Tuesday, 25 March 2014

"How doing business sustainably can actually improve the bottom line."

We had 'The Great Global Warming Swindle' from Channel Four a couple of years ago:
Futures Forum: Climate Change: the film

We now have 'The Great Climate Change Gold Rush' from Radio Four this morning (to be repeated next Monday evening):

The most convincing evidence that someone really believes something is when they are willing to risk their own money on it. Businesses around the world are doing just that; betting that they can profit from the effects of climate change. Justin Rowlatt meets the entrepreneurs who believe there is money to be made from the world's changing climate.

BBC Radio 4 - The Great Global Warming Gold Rush

It could indeed be a question of entrepreneurship:

Entrepreneurs Propose Real Global Warming Solutions

March 16, 2010

Climate change is not a pollution problem. It is an energy use problem. Since economic activity drives growth in CO2 emissions, and governments are loath to pursue policies that limit the economic opportunities of its citizens, efforts to reduce carbon emissions must come through either improvement in energy efficiency or decarbonisation of our energy supply.

Fortunately, some policy entrepreneurs are proposing alternatives. They follow Gwyn Prins, of the London School of Economics, who observes: "Worthwhile policy builds upon what we know works and upon what is feasible rather than trying to deploy never-before implemented policies through complex institutions requiring a hitherto unprecedented and never achieved degree of global political alignment."

Daniel Sarewitz of Arizona State University writes in Nature: "A successful climate policy regime will match short-term costs with the real potential of short-term gains. These gains can come from reducing vulnerabilities to climate impacts, and increasing security and wealth generation from
energy-technology innovation. Both paths call on the government to do things that most people see as appropriate: to provide public goods and promote innovation. Both paths also allow climate change to be understood not as impending doom that requires deep sacrifice to ensure survival, but as an opportunity to continually improve society."

Ultimately, such ideas will break the status quo inertia.

Entrepreneurs Propose Real Global Warming Solutions

There is scepticism about how government regulation can help:

Entrepreneur: Capitalism Will Save World from Climate Crisis to Preserve Markets for iPads, Coke

DECEMBER 8, 2011

Democracy Now! attended the corporate-sponsored World Climate Summit in Durban that advocates a market approach to solving the climate crisis. One attendee, South African entrepreneur Jason Drew, called for the United Nations to step aside and let businesses and markets fix the problems caused by global warming. When asked why business would be interested in saving the people of the Maldives from catastrophic climate change, Drew responded, "Customers live there. It’s a business world. It’s capitalism. We need people to buy our goods... They all buy iPads, Coca-Cola, all the products we know. If they don’t exist anymore, the market’s gone."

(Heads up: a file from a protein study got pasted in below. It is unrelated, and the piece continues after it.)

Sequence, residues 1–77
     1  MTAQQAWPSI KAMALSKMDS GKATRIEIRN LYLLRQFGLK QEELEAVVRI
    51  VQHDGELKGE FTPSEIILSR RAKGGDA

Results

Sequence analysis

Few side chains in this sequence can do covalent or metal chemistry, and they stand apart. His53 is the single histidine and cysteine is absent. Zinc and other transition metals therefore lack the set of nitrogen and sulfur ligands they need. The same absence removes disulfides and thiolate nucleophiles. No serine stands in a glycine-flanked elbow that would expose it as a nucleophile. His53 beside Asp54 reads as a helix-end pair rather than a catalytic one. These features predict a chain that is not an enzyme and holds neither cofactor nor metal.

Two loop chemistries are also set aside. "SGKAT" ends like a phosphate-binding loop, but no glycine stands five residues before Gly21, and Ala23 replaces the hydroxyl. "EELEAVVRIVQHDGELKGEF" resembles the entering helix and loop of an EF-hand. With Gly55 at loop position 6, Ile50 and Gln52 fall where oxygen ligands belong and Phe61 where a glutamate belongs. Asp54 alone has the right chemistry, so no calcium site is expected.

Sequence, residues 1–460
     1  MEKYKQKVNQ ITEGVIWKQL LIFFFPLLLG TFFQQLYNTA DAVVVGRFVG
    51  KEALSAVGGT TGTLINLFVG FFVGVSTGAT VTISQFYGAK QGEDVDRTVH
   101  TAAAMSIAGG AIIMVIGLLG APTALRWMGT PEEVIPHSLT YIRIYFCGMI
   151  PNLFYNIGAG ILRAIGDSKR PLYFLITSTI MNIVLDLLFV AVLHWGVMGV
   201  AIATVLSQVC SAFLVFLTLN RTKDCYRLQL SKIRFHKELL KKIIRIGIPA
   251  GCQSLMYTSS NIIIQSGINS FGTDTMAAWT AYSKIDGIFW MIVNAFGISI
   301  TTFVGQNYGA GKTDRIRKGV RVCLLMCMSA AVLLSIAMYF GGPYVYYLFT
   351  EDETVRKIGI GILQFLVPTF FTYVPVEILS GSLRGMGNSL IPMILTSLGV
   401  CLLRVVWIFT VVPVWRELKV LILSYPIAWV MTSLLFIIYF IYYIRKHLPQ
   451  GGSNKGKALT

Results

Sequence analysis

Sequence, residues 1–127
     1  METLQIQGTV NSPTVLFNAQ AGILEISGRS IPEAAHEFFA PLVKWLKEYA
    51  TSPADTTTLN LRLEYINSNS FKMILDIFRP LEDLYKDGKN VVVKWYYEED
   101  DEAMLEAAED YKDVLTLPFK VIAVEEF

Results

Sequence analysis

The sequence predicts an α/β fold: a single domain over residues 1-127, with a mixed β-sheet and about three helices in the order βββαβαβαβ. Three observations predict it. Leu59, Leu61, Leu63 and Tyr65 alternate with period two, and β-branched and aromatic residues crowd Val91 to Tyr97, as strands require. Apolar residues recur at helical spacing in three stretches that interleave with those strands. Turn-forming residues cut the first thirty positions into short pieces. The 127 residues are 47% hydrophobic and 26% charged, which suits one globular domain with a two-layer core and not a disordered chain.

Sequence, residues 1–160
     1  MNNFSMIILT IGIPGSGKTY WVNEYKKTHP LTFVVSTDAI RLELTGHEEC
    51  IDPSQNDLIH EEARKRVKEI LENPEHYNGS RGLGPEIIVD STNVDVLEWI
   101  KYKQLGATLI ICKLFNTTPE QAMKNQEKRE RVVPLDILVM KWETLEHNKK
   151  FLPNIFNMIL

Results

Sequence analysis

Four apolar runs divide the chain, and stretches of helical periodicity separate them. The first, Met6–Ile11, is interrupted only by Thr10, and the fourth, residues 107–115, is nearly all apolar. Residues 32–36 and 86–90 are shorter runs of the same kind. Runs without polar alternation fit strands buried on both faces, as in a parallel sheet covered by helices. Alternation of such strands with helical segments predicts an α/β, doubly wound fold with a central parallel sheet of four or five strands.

Entrepreneur: Capitalism Will Save World from Climate Crisis to Preserve Markets for iPads, Coke | Democracy Now!

Britain's premier entrepreneur has backed the US premier innovator:

Richard Branson: Global warming deniers ‘get out of our way’


Virgin CEO Richard Branson said that those who are skeptical of man-made global warming should “get out of our way,” joining the ranks of CEOs lashing out against those opposed to business investments in “sustainability.”

Branson made his remarks in the wake of Apple CEO Tim Cook’s telling global warming skeptics to “get out of this stock” if they did not agree with the company’s green investment strategy. Cook made his comments after being confronted by a free-market activist who pressed him on putting the environment ahead of profitable investments.

“If you want me to do things only for [return on investment] reasons, you should get out of this stock,” Cook told a representative of the National Center for Public Policy Research.

Branson said that more businesses should follow Apple’s example and fight back against global warming skepticism.

“Tim [Cook] took a crucial stand: he told shareholders who oppose Apple’s commitment to sustainability to ‘get out of the stock’,” Branson wrote on his blog. “He also commented on how doing business sustainably can actually improve the bottom line. This is something we strongly believe in at The B Team, which is working hard to encourage better ways of doing business for the wellbeing of people and the planet. We wholeheartedly support him.”